Articles

Anxiety & Trauma

Cognitive Therapy

Childhood Anxiety

Index

Marijuana

Take Back the Power

Self Esteem

Self Acceptance

Thought

 

 

Main Menu

Home

Newsletter

Book Store

Telephone Counselling

Anxiety Disorders

Articles

Meditation

Mindfulness

Self Help

FAQs

Contact

Links

Research

From our Book Store

Special Deal One

The Best Selling book 'Power Over Panic'

Third Edition

 

Power Over Panic Best Selling Book

by Bronwyn Fox

 

and

Take Back the Power

A Double CD set featuring Meditation and Mindfulness

Taking Back the Power Double CD set

with Bronwyn Fox

 

 

Take Back the Power !
Many people who have an anxiety disorder can find it difficult in recognising and / or accepting their realistic fears and anxiety. As people blame themselves for their anxiety disorder, they also blame themselves for feeling realistic fears and anxiety.

Articles Anxiety : A Normal Response to Trauma

Fear, panic and anxiety have no borders. Feelings of fear and anxiety, a sense of helplessness, vulnerability, along with feelings of profound grief, sadness and anger are normal responses for people who have been involved in some way in a life threatening situation. including being caught up in a terrorist attack, or a war zone.
See Part Two.

With terrorist attacks and the ongoing threats, plus the ongoing violence in the world, people everywhere can also feel fear and anxiety as a result, even though they may not be directly involved. People can also feel a sense of helplessness, vulnerability, anger and sadness. Again, this fear, anxiety and the associated feelings are natural, realistic responses.

This is opposed to our anxiety disorder fears, where we think our panic attacks or anxiety will harm us in some way, eg thinking we may have a heart attack, or go insane, or lose control in some way. While we feel a threat to our well being from our panic and anxiety, these fears are not realistic. No matter how much it can feel like it, people with an anxiety disorder do not die or go insane or lose control as a result of their panic and anxiety.

Many people who have an anxiety disorder can find it difficult in recognising and / or accepting their realistic fears and anxiety. As people blame themselves for their anxiety disorder, they also blame themselves for feeling realistic fears and anxiety. They think they 'should not' feel this way, or that 'they should just pull themselves together, or that they should be 'strong' and not be 'weak'.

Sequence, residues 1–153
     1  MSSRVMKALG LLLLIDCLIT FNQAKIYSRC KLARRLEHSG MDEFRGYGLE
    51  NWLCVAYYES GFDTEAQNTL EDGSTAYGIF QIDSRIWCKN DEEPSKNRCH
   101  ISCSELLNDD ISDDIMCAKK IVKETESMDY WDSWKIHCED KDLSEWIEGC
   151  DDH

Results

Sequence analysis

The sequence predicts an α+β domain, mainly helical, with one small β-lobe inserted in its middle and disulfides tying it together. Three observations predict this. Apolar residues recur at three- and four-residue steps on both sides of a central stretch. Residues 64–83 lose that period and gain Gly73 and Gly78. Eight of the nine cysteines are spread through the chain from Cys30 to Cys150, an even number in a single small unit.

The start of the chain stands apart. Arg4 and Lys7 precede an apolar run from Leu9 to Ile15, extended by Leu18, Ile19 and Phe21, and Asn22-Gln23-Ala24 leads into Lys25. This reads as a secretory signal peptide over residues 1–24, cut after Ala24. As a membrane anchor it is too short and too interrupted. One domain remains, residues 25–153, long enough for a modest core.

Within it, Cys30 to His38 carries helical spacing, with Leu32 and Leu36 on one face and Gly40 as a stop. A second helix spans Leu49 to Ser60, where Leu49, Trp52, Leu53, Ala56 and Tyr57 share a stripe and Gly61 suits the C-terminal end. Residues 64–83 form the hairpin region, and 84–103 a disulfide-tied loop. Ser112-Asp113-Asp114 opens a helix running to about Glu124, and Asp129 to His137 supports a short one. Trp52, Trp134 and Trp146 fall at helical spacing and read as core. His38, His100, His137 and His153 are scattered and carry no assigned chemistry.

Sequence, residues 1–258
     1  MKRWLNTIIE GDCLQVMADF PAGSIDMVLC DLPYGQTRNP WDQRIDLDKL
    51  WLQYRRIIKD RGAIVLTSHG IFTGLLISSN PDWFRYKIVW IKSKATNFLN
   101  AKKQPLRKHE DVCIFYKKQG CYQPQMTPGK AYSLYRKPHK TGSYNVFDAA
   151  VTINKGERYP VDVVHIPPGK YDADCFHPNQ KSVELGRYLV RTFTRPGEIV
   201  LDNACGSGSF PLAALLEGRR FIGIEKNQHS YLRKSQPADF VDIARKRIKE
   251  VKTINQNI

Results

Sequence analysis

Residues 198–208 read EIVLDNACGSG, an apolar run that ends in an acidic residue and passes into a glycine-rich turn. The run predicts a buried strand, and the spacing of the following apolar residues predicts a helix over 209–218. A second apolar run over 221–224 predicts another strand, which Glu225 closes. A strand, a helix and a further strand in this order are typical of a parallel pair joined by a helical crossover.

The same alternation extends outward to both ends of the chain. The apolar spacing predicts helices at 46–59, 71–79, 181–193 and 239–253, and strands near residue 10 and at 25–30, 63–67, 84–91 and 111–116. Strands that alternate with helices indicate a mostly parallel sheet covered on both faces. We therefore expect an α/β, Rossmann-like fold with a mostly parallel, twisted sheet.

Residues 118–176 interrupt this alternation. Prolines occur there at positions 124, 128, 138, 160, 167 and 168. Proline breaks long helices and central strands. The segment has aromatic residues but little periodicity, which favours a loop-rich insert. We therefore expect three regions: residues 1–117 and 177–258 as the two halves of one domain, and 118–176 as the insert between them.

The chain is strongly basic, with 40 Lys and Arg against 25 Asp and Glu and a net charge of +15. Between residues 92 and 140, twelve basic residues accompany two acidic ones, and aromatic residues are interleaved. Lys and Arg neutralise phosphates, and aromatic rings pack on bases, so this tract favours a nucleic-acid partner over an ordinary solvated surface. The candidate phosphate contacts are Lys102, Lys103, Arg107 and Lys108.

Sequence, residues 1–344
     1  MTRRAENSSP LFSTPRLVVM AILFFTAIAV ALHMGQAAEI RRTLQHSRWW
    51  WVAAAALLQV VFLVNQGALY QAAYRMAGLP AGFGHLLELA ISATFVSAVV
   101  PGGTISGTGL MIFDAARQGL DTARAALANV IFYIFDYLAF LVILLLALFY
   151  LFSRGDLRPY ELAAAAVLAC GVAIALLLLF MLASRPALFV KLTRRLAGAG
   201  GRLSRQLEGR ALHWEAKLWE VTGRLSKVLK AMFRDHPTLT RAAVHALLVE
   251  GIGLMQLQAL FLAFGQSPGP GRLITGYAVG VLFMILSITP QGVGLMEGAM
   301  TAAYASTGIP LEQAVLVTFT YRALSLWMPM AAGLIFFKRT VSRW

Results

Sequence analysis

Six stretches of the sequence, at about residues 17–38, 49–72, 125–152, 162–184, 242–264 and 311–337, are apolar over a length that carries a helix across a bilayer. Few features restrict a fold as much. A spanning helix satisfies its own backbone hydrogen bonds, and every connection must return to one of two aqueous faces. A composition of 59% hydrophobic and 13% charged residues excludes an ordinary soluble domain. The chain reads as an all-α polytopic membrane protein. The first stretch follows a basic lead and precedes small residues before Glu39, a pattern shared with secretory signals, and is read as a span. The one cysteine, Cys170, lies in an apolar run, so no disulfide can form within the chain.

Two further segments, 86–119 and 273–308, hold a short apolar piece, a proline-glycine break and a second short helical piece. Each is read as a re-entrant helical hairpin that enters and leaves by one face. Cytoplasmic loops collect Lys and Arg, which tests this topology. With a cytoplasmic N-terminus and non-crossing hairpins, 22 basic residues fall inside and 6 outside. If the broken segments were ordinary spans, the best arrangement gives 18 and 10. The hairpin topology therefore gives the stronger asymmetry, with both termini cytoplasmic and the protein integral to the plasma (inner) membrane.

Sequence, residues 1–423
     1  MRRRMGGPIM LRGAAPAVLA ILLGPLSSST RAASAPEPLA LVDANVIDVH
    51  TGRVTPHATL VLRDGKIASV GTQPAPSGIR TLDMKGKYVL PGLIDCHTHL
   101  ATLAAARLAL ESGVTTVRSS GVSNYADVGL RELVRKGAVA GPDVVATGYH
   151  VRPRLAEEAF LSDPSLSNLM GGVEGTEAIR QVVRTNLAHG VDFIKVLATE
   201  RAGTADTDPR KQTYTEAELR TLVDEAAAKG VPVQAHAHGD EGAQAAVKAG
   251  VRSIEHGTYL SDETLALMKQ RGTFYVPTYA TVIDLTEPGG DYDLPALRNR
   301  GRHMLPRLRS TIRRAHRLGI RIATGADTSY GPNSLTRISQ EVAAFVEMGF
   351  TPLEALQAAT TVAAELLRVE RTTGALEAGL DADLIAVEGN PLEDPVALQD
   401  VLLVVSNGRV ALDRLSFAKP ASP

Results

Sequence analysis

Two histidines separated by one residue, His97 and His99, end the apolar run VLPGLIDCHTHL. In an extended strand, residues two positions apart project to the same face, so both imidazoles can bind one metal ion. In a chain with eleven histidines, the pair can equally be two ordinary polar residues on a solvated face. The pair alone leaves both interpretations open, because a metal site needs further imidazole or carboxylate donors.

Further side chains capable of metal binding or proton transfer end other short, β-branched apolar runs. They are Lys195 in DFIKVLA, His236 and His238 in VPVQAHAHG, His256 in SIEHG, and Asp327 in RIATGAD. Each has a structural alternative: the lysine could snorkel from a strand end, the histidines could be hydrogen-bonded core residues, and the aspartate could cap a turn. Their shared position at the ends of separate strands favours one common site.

In an attempt to overcome these realistic feelings, people will fight against them. This has the potential to create more anxiety and feelings of helplessness because it is denying a natural response to traumatic event/s. Part of the overall recovery process from an anxiety disorder is learning to separate realistic fears and anxiety, from those of our anxiety disorder fears and anxiety. It also means allowing ourselves to feel these feelings and not fight against them. Allowing ourselves to feel these feelings enables us to move forward, rather than becoming stuck in ever increasing anxiety circles.

One major characteristic of people who have an anxiety disorder, is the fear of expressing primary emotions. Most people in this category suppress their feelings of anger and sadness. Again people feel that they 'should not feel this way', or that they are 'not being strong', or that their anger and feelings of grief are 'bad' or 'wrong'. Part of the recovery process, not just from an anxiety disorder, but from major trauma, does mean allowing ourselves to feel the full extent of our emotions. Appropriate expression of these emotions is healthy.

Suppression of our anger and sadness leads to increased feelings of anxiety, depression and helplessness because we are denying the very emotions that will help us work through the experience.

With the ongoing tensions and major traumatic events occurring in the world today,while we may feel helpless about them, we can do much to help ourselves. We can take a proactive response to minimise or prevent the development of an anxiety disorder, or, to minimise or prevent any escalation of an established anxiety disorder. This includes allowing ourselves to feel realistic fears and anxiety, allowing ourselves to feel our primary emotions such as anger and grief. It means allowing ourselves to feel what we are feeling without becoming caught up in thinking that we 'should not be feeling this way, and/or that these feelings are 'bad' or 'wrong'. Or that we 'should just get over it.

It also means allowing ourselves to feel the way we are, and not becoming obsessed with thoughts of what the future may hold, These thoughts can include 'how safe are we; what could happen; what may happen; how would it happen etc'. While these thoughts are very normal in response to traumatic events, we can also be proactive in this, and not allow these thoughts to become obsessive. We can learn to take each day as it comes and deal with each day as it is, without projecting our fears into it, or into the future.

We need to keep our normal routine, and get on with our lives. Getting on with our lives does not mean that our feelings of anxiety, fear, anger and grief will diminish within a few seconds, hours or days. It means that we get on with our lives feeling these feelings and working with them.Easier said than done ? It may seem so, but it is in the doing, rather than the worrying and obsessing, that will provide us with relief in the long term.